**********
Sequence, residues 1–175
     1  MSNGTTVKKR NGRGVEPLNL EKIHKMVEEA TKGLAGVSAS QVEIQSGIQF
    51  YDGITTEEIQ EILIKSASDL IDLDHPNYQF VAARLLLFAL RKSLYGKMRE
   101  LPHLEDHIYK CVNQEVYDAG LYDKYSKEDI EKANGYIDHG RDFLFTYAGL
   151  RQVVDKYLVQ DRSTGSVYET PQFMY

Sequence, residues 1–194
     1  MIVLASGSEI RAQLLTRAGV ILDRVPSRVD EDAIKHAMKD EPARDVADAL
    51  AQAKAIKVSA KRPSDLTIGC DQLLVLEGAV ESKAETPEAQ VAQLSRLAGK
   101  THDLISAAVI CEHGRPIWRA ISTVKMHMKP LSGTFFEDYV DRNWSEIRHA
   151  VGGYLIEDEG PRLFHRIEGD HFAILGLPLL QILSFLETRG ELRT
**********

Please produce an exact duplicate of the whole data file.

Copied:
Sequence, residues 1–175
     1  MSNGTTVKKR NGRGVEPLNL EKIHKMVEEA TKGLAGVSAS QVEIQSGIQF
    51  YDGITTEEIQ EILIKSASDL IDLDHPNYQF VAARLLLFAL RKSLYGKMRE
   101  LPHLEDHIYK CVNQEVYDAG LYDKYSKEDI EKANGYIDHG RDFLFTYAGL
   151  RQVVDKYLVQ DRSTGSVYET PQFMY

Sequence, residues 1–194
     1  MIVLASGSEI RAQLLTRAGV ILDRVPSRVD EDAIKHAMKD EPARDVADAL
    51  AQAKAIKVSA KRPSDLTIGC DQLLVLEGAV ESKAETPEAQ VAQLSRLAGK
   101  THDLISAAVI CEHGRPIWRA ISTVKMHMKP LSGTFFEDYV DRNWSEIRHA
   151  VGGYLIEDEG PRLFHRIEGD HFAILGLPLL QILSFLETRG ELRT